By Linda H. Smith, DTN Markets Editor
ORELAND, Pa. (DTN) — For the third year in a row, farmers in the Red River Valley are beset with unwanted moisture. As snow melts on already-saturated ground and flows into streams and rivers, producers stare out their windows waiting to get in the fields.
Old-crop grain movement is being affected as well. This week, BNSF Railway Co. said half a dozen lines were shut down in North Dakota and Canadian Pacific rerouted trains in Manitoba due to flooding. Along the Mississippi River, a number of locks were closed — notably three between Dubuque and Davenport, Iowa, Friday. In addition, there were safety advisories in effect, including limits on the number of barges, the speed at which they can operate and the hours, with nighttime restrictions.
However, “it’s spring,” said Ken Eriksen of Informa Economics. “This level of disruption really isn’t unusual.” Railroads generally can reroute shipments around trouble spots and, unless heavy rains continue, the worst may be over on the river, he said. “St. Paul is getting through its major flood stage and should be OK by Monday. The flooding stage should reach Rock Island [Illinois] late Saturday and should crest by a week from today. The record level there was 22 feet 6 inches in 1993; it is 17 feet now and projected to peak at 20 feet. Likewise, the flood stage for the month to date at St. Louis is 22 feet versus 26 feet last year and an average of 19 feet.”
The lower Mississippi isn’t affected much, Eriksen said. “There, it is all about the Ohio River and its main locations are expected to crest next week, mainly at moderate levels.”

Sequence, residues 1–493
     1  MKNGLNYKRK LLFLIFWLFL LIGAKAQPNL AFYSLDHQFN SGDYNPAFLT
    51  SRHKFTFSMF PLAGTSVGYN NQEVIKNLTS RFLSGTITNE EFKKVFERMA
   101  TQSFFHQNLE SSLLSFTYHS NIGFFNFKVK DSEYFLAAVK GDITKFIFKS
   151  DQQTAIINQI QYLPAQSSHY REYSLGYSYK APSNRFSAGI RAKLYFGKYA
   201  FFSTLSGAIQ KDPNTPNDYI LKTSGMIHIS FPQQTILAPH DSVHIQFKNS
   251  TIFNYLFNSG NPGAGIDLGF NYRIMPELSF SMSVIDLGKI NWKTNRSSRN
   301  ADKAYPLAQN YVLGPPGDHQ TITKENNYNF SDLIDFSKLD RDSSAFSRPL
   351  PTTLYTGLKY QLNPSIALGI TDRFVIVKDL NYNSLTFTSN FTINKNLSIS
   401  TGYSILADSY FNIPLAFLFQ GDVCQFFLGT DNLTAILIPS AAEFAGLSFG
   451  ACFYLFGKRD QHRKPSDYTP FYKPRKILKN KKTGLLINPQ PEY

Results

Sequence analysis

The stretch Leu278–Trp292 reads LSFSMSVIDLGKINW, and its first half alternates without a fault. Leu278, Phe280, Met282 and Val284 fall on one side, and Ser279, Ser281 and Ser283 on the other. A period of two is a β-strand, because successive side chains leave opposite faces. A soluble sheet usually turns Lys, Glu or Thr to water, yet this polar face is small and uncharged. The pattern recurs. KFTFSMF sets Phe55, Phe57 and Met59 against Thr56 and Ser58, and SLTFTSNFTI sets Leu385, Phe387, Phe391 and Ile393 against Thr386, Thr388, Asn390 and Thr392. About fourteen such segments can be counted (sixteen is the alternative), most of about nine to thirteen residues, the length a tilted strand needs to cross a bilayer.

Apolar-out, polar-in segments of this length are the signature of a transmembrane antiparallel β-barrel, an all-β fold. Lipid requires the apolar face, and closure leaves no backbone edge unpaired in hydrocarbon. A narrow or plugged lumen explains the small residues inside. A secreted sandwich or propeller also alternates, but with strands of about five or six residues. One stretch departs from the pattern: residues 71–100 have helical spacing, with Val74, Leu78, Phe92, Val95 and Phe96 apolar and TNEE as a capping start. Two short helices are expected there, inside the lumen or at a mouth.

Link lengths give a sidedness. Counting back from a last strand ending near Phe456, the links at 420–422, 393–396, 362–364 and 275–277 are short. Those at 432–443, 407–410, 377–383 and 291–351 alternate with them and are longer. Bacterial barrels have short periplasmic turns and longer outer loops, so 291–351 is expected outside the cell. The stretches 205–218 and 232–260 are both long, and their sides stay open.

The situation would be more serious were it not for the fact that barge movement had already eased off some, likely due to high prices and world competition.
“We have seen phenomenal upbound fertilizer volume since the fourth quarter of 2010, and it is still running pretty strong. But after the surge in downward grain shipments the week of the river reopening, they have eased back. Barge movement this week will end at about 517,000 tons, down from the peak of 684,000 the week of April 2, and 622,000 this time last year. Barge rates have dropped along with volume, though the cost is still well above a year ago.”
The key factor to whether it is business as usual for transportation or whether headaches set in is the weather.
“Things have definitely taken a turn for the worse since Monday,” said Mike Palmerino, DTN senior ag meteorologist. “A week ago, I would have said things looked pretty good for corn planting. Now we appear to be in the more classic wet pattern we’ve seen the past two years.”
Palmerino cites a frontal boundary with cold to the north and heat to the south. “There is a parade of storms coming into the Pacific Northwest; they ride along that frontal boundary. Now we have a high-pressure ridge in the Southeast which will steer moisture from the Gulf into the middle of the country. The moisture outcome may not be as bad as 2008 or 2009, but the characteristics are more in keeping with those years,” he said. “It is amazing how rapidly weather indicators fell into a ‘here-we-go-again’ situation.”
In a best-case scenario, soils might dry out in the last week of April and farmers might get into fields the first week of May. “But I’m not sure even that will happen,” Palmerino said.
Informa’s weather outlook remains wet for the next seven to 10 days as a series of storms move from Missouri across the Ohio Valley and southern Great Lakes, adding up to 3/4 inch to 2 inches. This suggests the best-case scenario may, indeed, not materialize.
Linda H. Smith can be reached at firstname.lastname@example.org
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